WCAG (Web Content Accessibility Guidelines)

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Frequently asked questions

Is WCAG a legal requirement?

The Web Content Accessibility Guidelines (WCAG) are not a law. However, some laws, including Section 508 of the Rehabilitation Act of 1973 and the AODA explicitly cite WCAG conformance as an accessibility requirement. Furthermore, the Department of Justice has referenced WCAG standards in its web accessibility enforcement actions. WCAG is considered the global gold standard for web accessibility, so even though WCAG conformance is not a law, following WCAG standards is the most effective way to achieve web accessibility and comply with certain legal mandates.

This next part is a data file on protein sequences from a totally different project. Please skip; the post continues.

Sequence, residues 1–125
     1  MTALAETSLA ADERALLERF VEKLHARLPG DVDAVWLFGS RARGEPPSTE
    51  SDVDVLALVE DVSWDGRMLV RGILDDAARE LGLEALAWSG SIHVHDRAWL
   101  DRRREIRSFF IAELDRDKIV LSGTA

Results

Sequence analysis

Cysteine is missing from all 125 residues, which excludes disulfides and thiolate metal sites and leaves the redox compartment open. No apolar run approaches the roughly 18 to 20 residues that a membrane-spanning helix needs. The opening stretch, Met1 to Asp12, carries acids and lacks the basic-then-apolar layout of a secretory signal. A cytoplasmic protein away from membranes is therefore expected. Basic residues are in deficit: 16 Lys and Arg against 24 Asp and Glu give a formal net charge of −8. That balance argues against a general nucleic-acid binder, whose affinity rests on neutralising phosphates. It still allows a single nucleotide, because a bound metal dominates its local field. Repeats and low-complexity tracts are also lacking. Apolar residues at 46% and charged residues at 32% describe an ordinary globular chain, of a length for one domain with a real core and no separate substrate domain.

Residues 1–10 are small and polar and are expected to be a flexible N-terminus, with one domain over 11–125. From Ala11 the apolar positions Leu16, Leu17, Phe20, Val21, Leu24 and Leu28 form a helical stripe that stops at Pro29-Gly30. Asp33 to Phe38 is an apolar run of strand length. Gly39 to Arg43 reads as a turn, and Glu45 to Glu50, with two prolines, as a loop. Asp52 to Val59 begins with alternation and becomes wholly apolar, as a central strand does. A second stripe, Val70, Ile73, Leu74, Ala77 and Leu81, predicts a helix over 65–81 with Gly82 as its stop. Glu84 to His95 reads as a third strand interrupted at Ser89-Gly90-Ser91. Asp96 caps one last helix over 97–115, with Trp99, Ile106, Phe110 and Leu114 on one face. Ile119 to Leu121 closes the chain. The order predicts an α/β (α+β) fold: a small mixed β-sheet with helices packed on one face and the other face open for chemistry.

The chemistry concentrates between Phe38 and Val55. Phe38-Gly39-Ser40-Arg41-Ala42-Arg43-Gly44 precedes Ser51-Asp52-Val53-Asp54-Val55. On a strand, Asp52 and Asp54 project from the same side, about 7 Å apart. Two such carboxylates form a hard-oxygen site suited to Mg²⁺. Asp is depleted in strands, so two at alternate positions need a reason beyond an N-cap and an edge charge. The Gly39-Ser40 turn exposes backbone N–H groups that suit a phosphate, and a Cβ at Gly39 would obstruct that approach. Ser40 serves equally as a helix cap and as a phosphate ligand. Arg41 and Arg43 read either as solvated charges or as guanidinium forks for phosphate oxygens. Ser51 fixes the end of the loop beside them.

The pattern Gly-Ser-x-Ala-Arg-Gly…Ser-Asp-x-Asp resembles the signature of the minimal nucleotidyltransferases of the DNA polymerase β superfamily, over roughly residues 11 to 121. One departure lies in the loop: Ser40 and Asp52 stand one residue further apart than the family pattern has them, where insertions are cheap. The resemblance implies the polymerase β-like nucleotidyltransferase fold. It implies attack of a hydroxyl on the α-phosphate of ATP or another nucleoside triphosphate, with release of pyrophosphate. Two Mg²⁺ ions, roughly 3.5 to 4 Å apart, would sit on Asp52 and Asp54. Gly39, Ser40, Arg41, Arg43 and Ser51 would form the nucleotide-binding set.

What is WCAG compliance?

Because WCAG itself is not a law, “WCAG compliance” is technically an incorrect term. Aligning with WCAG standards is referred to as WCAG conformance. WCAG is considered the global gold standard for web accessibility, and some laws cite it explicitly as a guideline for making web content accessible. Consequently, conformance with WCAG will help comply with legal mandates.

Does WCAG apply to mobile apps?

WCAG provides a comprehensive set of criteria for accessible digital content. It was originally created for HTML-based experiences, but adhering to WCAG success criteria is also the best-practice for all types of digital experiences, including mobile apps. Specifically, WCAG 2.1 includes criteria for tablets and mobile devices.